The Frontlines By Joseph Ushigiale
Recently when Lagos state Governor Babajide Sanwaolu declared triumphantly that he and his team have put in place new measures to end the perennial Apapa traffic jam that is costing the economy millions of dollars daily, I was quite skeptical at the cheery news.
It was not because I doubted his sincerity of purpose, no that was out of the question because he has no reason to play to the gallery with such an issue that would bring him huge applause from near and far. It will equally usher in huge relief to business owners, transporters and workers and home owners in Apapa and who have been at the receiving end of the grueling traffic snarls for over two decades now.
My skepticism was borne out of pity for the governor who apparently was not quite aware of the deep rooted corruption inherent in the Apapa traffic gridlock and the resolve by those fueling it never to let go or at best not go down without a fight.
The governor acknowledged this much when he said
“We have taken some troublesome people that are benefiting from the gridlock out of the way. Whatever they were earning illegally has been taken away from them. We know they will want to make an attempt to fight back. We will not stop at anything to ensure that anybody that tries to retract the progress or wants to take us back to gridlock in Apapa will be fought against. We will bring out their names and shame them”.
Sanwaolu’s latest efforts is not the first in this direction. This can be seen from the countless number of task forces inaugurated right from the past administration of President Olusegun Obasanjo up to the present administration where it appears things have moved from bad to worst. Apapa has never had it so bad.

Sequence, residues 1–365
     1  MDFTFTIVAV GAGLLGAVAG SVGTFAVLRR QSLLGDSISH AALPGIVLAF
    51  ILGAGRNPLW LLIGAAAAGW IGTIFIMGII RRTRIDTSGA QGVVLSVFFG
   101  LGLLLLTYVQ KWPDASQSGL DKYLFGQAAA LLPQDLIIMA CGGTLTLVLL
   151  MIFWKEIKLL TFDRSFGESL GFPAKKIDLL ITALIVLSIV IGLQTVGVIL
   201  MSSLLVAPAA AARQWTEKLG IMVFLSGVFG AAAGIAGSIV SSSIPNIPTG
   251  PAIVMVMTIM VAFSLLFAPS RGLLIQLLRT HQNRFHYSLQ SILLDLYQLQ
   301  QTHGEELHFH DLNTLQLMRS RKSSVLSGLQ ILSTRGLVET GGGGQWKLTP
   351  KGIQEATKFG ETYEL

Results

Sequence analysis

My doubts were confirmed especially last Thursday when while commuting into Apapa the journey suddenly came a complete halt. I left home at 9 am driving through Funso Williams Avenue and turning right through the ramp as I was descending to Ijora Badia, I sighted a pile of trucks right ahead of me.
Then the ordeal began. The struggle for right of way commenced on just one lane because the other lane had already been taken over by trucks that were permanently parked there. At that time, you could see some drivers and motor boys or conductors either having their bathes under the trucks, some chewing stick, others drinking tea and all sorts of activities going on all at the same time all indicating that they spent the night there.
Meanwhile, as you crawl through the ramp to join the main road leading to Apapa ports, the ramp keeps rocking periodically with shivers running down your spine as you keep imagining what could happen if the ramp collapses. These roads in Apapa with the loads they bear are a disaster waiting to happen if something urgent is not done to stop the cabal that is creating this traffic snarls to line their pockets.
In my precious report, I had indicated that this is a well organised racket undertaken by all the security agencies with men and women in the task force. Today, they have devised ways of making their collections using some fronts in mufti who immediately approach and oncoming truck from the driver’s side, collect the money and gives a sign for them to allow the truck that has paid to move on.
There are primarily five checkpoints used for bribery collections. The first one is mounted by Ijora Badia close to some bonded warehouses. The next one is immediately you join the main route from Lagos heading to the point immediately after there the main one by Lily Pond Warehouse. This is the most notorious checkpoint that causes the mother of all traffic snarls.